RIGA - In his future vision for Europe, French President Emmanuel Macron has heard the objections by many European Union member states in regards to his initial plan to create a common European army, Foreign Minister Edgars Rinkevics told LETA.
Asked to comment why Macron has chosen to speak about the creation of a common defense and security agreement, instead of a European army, the minister said that the French president has obviously heard the objections of some EU member states, including Latvia.
In his future vision for the EU, Macron said that the security and defense agreement must define the EU's necessary obligations in cooperation with NATO and European allies, including increasing military budgets.
Rinkevics expressed support for Macron's idea to set-up a European security council, which would ensure a more unified and coordinated approach. At the same time, he pointed out that a potential new security and defense agreement cannot be in contradiction with NATO, and it must clearly be defined that it serves as a supplement to the alliance and not a replacement. ''This agreement can in no way weaken the already fragile trans-Atlantic relationship,'' he said.
Rinkevics mentioned that the French president's vision foresees the strengthening and developing of specific defense spheres, as well as spend more on defense and agree on a specific model for the unification of the defense industry.
''His vision also foresees that if China and the United States protects its market, then the EU has the right to protect its market, which is right. But let us not create a paper tiger which does not have any realistic influence. Instead let us concentrate on important matter - military mobility and specific project,'' the politician emphasized.
Commenting other ideas, Rinkevics said that it is very important that Macron spoke much about defending European democracy, including the creation of a coordinating structure to defend Europe's cyber-space to combat third countries attempting to influence European political processes by financing political parties in Europe.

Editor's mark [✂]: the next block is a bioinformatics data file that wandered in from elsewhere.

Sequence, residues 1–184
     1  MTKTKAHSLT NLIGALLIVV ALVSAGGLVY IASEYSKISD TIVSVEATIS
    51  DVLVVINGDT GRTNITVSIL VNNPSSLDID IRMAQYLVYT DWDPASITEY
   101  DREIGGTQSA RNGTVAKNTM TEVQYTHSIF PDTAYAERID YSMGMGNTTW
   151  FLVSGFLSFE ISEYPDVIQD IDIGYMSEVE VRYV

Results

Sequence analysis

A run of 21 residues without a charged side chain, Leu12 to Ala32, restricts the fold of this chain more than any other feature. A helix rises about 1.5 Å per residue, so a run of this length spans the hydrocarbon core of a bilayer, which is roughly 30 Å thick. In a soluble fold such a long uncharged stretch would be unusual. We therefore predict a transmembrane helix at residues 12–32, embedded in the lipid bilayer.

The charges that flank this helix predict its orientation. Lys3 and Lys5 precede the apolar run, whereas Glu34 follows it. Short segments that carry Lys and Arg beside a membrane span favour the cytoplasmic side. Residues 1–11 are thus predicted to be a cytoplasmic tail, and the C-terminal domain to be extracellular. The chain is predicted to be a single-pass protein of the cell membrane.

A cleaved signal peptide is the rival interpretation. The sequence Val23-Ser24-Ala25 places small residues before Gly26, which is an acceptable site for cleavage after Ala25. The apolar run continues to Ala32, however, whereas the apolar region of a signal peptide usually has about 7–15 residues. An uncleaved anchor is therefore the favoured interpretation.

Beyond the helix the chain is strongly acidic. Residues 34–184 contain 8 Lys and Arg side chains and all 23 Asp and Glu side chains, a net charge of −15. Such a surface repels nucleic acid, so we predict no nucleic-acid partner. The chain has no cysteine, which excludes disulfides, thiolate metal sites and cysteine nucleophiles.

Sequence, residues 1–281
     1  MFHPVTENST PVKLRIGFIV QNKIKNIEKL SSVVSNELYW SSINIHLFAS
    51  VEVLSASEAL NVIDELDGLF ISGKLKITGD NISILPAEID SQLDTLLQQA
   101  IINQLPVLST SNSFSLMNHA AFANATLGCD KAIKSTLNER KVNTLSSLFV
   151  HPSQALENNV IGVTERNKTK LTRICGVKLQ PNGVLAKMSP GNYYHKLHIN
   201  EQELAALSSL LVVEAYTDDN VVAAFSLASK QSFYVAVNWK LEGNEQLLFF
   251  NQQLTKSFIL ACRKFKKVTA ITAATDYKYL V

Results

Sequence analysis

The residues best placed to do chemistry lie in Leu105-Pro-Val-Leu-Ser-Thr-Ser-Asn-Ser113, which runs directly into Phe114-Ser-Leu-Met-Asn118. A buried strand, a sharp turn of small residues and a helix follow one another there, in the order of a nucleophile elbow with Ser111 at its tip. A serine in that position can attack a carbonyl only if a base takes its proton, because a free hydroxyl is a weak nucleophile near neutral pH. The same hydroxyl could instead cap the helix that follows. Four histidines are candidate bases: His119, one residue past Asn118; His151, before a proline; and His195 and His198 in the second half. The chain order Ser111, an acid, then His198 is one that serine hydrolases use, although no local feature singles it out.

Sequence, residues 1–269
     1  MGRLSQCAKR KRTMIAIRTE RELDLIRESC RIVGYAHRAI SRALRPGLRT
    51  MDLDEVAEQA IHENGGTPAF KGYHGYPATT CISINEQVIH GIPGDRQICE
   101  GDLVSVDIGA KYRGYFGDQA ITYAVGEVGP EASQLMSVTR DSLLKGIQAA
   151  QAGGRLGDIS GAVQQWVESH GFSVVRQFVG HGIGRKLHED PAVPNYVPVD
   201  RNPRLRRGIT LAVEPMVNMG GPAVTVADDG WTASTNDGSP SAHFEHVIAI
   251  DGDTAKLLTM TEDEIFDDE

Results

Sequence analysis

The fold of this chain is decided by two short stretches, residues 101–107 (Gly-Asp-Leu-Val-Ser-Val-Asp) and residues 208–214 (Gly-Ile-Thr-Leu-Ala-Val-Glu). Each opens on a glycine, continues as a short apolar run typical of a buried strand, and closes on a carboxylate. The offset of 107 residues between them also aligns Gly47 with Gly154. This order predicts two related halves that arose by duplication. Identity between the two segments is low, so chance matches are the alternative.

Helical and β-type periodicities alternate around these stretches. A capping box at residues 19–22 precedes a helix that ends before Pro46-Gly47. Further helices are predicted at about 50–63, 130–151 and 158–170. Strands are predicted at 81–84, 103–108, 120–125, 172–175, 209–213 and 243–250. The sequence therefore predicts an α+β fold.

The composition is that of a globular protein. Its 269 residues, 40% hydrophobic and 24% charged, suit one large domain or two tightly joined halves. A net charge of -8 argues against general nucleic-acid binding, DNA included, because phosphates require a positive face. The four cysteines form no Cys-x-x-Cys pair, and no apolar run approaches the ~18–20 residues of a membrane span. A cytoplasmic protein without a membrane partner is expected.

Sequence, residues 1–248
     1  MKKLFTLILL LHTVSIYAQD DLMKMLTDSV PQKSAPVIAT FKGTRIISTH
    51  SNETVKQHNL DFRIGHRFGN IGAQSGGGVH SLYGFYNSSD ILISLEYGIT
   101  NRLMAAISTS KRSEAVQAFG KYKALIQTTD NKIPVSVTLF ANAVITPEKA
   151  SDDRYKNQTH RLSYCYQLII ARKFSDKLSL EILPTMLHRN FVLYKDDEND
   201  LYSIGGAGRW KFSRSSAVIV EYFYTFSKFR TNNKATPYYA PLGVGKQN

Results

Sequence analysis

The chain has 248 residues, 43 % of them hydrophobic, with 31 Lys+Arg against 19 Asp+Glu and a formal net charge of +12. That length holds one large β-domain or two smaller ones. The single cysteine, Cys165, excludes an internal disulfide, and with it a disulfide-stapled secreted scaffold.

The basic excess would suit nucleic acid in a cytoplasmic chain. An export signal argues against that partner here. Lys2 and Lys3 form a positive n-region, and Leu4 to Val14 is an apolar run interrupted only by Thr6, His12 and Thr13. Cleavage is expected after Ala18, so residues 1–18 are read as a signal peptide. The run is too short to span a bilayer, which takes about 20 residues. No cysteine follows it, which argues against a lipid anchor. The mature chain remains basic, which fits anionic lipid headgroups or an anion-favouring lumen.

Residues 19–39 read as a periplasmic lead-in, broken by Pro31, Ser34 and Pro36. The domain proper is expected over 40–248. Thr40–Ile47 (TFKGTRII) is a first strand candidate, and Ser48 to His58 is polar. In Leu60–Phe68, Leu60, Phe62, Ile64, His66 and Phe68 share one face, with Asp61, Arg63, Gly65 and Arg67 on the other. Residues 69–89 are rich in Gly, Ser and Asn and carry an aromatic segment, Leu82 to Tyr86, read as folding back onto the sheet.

One of the main issues on the agenda at the moment is how to protect European democracy, reduce populism and prevent third countries from influencing our political processes. This is something the Baltic states, Poland and some Nordic countries warned about four years ago.
''Brexit and the rise of ultra right and left wing radicals shows just how important, yet fragile, the European project is, and how important is it for us to protect it,'' the Latvian foreign minister said.
He also said that reforms to the Schengen-zone must be discussed, which Macron also made clear in his vision. According to Rinkevics, there must be stronger border control and common conditions on granting asylum. Rinkevics also said that the asylum policy must become stricter as well.
Rinkevics said that Macron's vision is a manifest, which is meant to be discussed as part of the European Parliament elections, and that specific ideas will be decided by EU members states, as well as the next European Parliament and Commission.
The AFP news agency reports that Macron on Monday outlined his vision for Europe's future, urging reform of its passport-free Schengen area and setting up a new agency "for the protection of democracies" against cyber-attacks and fake news.
In an opinion piece, to be published by several top European newspapers including Die Welt, the Guardian, El Pais and Corriere della Serra, Macron also renewed his call for greater security cooperation and stressed the need for a common asylum policy to deal with the migrant crisis.
"Never since the Second World War has Europe been so necessary. And yet never has Europe been in such a danger," Macron said, in what many see as the start of his own campaign for the May European Parliament elections.
The president listed a series of initiatives the EU could take both to defend itself and to adhere more closely to its core values.
"A European agency for the protection of democracies would provide European experts to each member state to protect its electoral process against cyber-attacks and manipulation," he suggested.
Financing European political parties from abroad should also be banned, while rules should be agreed on banning "hateful and violent speeches from the internet", he added.
He also urged negotiating a new "treaty on defence and security", and setting up a European security council that would include Britain to promote collective defence initiatives.